Start with a topic. Let’s say you want to write a paper about National Parks. That is your topic, but it is much too broad to begin your research. We’ll use that topic to form a research question. What do you want to know about National Parks?
Key Points to Remember When Forming a Research Question
Examples of Research Questions
Too narrow: How many people visit National Parks each year?
This question is too narrow. It can be answered with a number (almost 331 million in 2016, in case you were wondering).
Too broad: What is the effect of climate change on National Parks?
This question is unfocused. Are you interested in the 59 National Parks or all 417 national park sites? Is there one particular National Park that you want to research? Are you going to cover economic and environmental effects?
Try instead: How is climate change affecting mammals in Glacier National Park?
This question is focused. It defines that you're only interested in one park and that you're researching mammals, not every type of wildlife in the park. It is also not so narrow that it can't be researched in-depth. There are many types of mammals that live in Glacier National Park.
If you try to type your entire research question into a library database you're going to run into trouble. Instead, you'll need to identify key concepts out of your research question to use as search terms.
Let's use the following research question as an example:
How is climate change affecting mammals in Glacier National Park?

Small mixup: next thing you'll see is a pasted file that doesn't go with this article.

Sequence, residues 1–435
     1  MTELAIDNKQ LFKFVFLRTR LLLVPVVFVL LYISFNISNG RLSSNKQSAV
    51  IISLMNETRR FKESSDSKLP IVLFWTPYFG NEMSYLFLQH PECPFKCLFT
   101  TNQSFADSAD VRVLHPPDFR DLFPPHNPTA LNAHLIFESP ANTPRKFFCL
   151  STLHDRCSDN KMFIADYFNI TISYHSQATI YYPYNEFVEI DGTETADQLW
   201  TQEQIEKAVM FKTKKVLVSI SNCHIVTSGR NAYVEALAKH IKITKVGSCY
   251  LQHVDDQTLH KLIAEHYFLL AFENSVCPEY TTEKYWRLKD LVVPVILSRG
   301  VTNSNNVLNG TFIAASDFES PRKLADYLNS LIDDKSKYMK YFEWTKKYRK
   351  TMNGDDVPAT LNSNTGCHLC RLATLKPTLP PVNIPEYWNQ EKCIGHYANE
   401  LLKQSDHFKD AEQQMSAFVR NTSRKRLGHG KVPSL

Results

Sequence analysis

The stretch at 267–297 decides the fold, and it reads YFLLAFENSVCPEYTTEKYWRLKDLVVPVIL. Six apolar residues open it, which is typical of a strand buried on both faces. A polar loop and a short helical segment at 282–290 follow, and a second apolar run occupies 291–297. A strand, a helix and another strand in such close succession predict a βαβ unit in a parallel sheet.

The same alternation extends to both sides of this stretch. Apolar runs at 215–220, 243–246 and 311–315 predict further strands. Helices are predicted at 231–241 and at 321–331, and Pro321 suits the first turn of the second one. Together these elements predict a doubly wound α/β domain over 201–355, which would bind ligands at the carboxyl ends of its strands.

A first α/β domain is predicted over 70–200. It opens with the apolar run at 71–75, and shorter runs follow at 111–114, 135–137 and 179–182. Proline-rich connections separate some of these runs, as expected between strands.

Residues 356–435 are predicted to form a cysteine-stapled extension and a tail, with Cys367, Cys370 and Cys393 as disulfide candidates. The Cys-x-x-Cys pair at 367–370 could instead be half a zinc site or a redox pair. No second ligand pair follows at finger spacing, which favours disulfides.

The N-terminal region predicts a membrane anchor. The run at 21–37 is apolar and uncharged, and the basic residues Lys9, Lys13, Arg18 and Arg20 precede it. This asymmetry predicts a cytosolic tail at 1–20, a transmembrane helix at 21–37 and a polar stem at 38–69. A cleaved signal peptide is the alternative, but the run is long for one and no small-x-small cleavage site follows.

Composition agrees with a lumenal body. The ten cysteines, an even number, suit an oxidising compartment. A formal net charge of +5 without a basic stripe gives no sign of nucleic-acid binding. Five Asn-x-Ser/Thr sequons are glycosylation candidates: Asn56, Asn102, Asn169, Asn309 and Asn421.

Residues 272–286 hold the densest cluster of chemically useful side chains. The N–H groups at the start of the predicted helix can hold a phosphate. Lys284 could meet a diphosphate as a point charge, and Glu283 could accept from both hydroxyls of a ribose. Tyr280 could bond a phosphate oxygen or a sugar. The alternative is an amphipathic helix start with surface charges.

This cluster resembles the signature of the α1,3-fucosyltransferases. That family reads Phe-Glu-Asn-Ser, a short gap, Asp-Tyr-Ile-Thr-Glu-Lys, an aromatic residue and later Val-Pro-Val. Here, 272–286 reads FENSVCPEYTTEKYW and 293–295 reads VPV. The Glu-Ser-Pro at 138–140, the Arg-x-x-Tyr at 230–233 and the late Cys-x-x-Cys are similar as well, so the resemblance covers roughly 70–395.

The key concepts/phrases in this question are: climate change, mammals, and Glacier National Park. Those are the keywords that we'll start with.
**See the "How do I find information?" tab for tips on how to link your keywords together during your search.**
Now, let's think of some other words that we may want to use in our search. It's important to try multiple keywords to discover which combination is going to yield the best results for your research.
Climate change: global warming, snowmelt, glacial melt, vegetation patterns
Global warming isn't the scientifically correct term, but it may still be found in journal articles. Snowmelt, glacial melt, and changes in vegetation patterns are all specific effects of climate change they may affect mammals.
Mammals: bears, bats, beavers, bighorn sheep, elk, lynx, mountain lions, mountain goats, wolverines, pikas
A little background research revealed that these are the types of mammals that live in Glacier National Park.You may also choose to search for mammals using their scientific names (e.g. instead of elk try Cervus canadensis).
Glacier National Park: N/A
Since Glacier National Park is a proper name so there aren't really any synonyms to use. The park is located in Montana, so that could be used if you need to broaden your search. However, the research question posed above is specifically interested in Glacier National Park, not all of Montana.
You may need to conduct some background research before you begin your project in earnest. The internet and encyclopedias are great resources for finding background information.
There is a lot of unreliable information on the internet. One trick to find more credible websites is to use the site: operator. Here's how:
Type site:gov OR site:org OR site:edu
Then add your search terms to make Google only give you results from government, organizational, or college/university websites.
Ex. site:gov Glacier National Park
We have online encyclopedias and physical encyclopedias. The following databases contain online encyclopedias. Physical encyclopedias can be found using the library's catalog. See the "How do I find information?" tab for more details on using the catalog.